February 20, 2023 • Life for Leaders
Scripture — Hebrews 4:16
Let us therefore approach the throne of grace with boldness, so that we may receive mercy and find grace to help in time of need.
Lent approaches. Sometimes people assume that Lent is a season to do things to earn God’s favor. But, in fact, Lent is really a time to grow in your experience of God’s love and grace. In Lent we draw near to God who gives us mercy and grace to help us just when we need it.
Today is Mardi Gras, or “Fat Tuesday” if you translate that French phrase into English. Traditionally, this was a day for Christians to eat all the fat in their kitchens so that they would be encouraged to fast during the season of Lent. Lent, as you may know, begins tomorrow, on Ash Wednesday, the day after Mardi Gras.
Growing up in a Protestant family and a secular culture, Lent meant nothing to me. I thought of it as an unfortunate burden for my Roman Catholic friends. The only time I ever used the word “Lent” was in a joke. If, while playing football with my friends, I kept dropping the ball, I might have said, “Man, I’m going to give up fumbling for Lent!” That attempt at a joke revealed the extent of my understanding of Lent, which wasn’t much! Lent was a time when some Christians had to give up things, like eating meat. If you had asked me why people did this, I would have told you that it was part of the legalistic Catholic tradition. That’s all I knew.
I now know that Christians have observed Lent for centuries. This is true for many Protestants, even though the evangelical community of my youth never recognized it. If, when I was young, you had asked me about Lent, I might have described it as the kind of Pharisaic pietism that is inconsistent with gospel-centered faith. I no longer see Lent this way, however. (Although it is important to note that nothing in Scripture requires Christians to practice Lent, and that, like any religious practice, Lent can become laden with graceless legalism.)
In the last three decades of my life, I have discovered that Lent can be a season for spiritual growth and refreshment. Above all, Lent is a time of preparation, a six-week season of readying our hearts for a deeper and truer experience of Christ’s passion and resurrection. The chief purpose of Lent is to help us know God more profoundly as we prepare to celebrate the amazing news of Good Friday and Easter Sunday. Since I have learned more about what Lent really is, I have indeed experienced the spiritual benefits of this season.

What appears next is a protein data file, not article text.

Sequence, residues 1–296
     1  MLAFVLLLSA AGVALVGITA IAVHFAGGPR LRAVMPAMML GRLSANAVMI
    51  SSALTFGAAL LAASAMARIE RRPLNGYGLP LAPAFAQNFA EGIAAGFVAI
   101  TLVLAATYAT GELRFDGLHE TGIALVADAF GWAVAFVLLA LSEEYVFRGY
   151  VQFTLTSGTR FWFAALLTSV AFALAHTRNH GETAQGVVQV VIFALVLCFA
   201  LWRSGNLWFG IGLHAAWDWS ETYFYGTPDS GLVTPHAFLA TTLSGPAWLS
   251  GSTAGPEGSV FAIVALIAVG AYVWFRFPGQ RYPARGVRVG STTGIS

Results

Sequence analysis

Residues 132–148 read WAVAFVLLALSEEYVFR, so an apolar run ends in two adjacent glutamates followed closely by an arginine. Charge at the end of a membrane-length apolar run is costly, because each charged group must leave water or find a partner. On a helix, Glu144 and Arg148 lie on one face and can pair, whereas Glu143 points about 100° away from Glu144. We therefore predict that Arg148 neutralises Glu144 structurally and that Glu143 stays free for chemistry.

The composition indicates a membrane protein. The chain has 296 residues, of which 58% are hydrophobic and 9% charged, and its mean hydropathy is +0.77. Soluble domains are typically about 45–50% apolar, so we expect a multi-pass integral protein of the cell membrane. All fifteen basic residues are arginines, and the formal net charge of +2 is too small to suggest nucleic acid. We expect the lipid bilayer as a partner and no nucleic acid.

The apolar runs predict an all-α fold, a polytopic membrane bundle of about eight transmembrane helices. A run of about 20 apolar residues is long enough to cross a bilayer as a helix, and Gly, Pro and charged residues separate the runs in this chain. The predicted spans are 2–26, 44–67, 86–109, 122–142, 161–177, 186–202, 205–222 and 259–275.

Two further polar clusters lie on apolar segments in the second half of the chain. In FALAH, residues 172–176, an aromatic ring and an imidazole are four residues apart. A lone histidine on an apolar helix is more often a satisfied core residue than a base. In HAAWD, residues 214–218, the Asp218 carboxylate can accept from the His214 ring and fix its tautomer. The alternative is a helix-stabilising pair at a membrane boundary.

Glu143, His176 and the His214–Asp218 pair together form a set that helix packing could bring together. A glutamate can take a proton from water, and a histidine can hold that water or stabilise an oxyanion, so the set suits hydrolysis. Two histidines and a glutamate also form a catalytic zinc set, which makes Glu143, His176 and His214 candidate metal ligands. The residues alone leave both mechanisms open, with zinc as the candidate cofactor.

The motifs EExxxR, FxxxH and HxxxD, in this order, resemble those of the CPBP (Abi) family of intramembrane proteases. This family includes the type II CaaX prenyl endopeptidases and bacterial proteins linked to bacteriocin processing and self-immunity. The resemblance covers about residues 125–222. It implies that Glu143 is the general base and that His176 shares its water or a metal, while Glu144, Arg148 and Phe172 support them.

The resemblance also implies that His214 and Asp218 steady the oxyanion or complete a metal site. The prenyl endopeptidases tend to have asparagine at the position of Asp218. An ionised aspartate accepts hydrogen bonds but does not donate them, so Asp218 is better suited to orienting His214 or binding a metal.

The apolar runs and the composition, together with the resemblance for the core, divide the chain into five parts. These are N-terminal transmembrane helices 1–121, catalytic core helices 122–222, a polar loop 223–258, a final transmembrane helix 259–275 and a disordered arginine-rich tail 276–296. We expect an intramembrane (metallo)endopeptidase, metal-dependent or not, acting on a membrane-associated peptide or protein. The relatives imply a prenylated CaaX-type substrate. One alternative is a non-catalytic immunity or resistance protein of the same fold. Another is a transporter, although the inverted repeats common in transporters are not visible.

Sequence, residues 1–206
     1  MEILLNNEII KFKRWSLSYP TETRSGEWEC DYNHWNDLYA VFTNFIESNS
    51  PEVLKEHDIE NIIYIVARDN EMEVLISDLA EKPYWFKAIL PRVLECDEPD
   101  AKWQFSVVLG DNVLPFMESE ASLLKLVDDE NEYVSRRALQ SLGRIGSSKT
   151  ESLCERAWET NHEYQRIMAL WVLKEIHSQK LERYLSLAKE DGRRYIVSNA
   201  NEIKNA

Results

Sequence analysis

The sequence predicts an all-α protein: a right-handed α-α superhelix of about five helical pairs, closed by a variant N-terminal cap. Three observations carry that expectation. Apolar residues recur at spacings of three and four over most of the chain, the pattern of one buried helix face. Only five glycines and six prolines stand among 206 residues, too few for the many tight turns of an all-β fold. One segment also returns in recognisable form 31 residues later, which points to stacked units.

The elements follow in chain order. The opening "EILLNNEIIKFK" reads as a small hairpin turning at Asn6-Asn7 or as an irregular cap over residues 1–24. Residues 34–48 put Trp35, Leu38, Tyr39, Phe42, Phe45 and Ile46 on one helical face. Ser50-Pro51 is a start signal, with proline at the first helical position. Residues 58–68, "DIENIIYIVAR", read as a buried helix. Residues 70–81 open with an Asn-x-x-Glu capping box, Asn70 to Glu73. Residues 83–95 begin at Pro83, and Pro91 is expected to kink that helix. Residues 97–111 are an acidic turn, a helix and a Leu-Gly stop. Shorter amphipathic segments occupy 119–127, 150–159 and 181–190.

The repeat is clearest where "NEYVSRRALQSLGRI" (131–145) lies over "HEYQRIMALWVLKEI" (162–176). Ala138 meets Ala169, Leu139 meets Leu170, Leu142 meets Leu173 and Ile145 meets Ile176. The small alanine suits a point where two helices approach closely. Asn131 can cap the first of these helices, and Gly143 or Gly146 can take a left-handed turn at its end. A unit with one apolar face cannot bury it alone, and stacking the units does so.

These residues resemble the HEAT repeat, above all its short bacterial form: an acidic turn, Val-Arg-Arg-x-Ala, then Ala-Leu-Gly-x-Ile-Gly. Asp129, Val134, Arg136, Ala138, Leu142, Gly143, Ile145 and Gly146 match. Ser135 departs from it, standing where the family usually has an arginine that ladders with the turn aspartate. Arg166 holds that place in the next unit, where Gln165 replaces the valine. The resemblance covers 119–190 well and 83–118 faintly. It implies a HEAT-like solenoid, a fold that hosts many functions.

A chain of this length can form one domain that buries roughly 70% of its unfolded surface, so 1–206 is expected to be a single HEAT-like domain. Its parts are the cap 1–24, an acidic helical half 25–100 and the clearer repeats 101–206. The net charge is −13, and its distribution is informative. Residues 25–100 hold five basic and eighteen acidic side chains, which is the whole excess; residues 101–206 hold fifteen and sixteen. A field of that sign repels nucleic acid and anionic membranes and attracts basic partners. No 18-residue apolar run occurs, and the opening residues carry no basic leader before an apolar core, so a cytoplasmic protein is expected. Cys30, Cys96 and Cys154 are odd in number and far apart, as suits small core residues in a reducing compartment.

Lenten practices vary widely among Christians. Historically, the season of Lent has been a time of fasting, a time for giving up something enjoyable in order to focus more fully on God. Many Christians, however, have stressed taking on a seasonal spiritual discipline during Lent rather than giving up something. Many churches sponsor special Lenten Bible studies or Lenten service opportunities. Individual Christians often use Lenten-themed materials for their personal devotions.
The point of Lenten practices, however, is not giving up or adding on. Rather, the point has to do with what happens inside of us through these practices. They are meant to help us focus more fully on God. Fasting for Lent makes us more aware of our neediness for the Lord. Lenten disciplines draw our attention to God. Thus, the point of Lent is to respond with greater intentionality to the invitation in Hebrews 4:16: “Let us therefore approach the throne of grace with boldness, so that we may receive mercy and find grace to help in time of need.” Yes, Lent should be a season to grow, not in legalism, but in grace.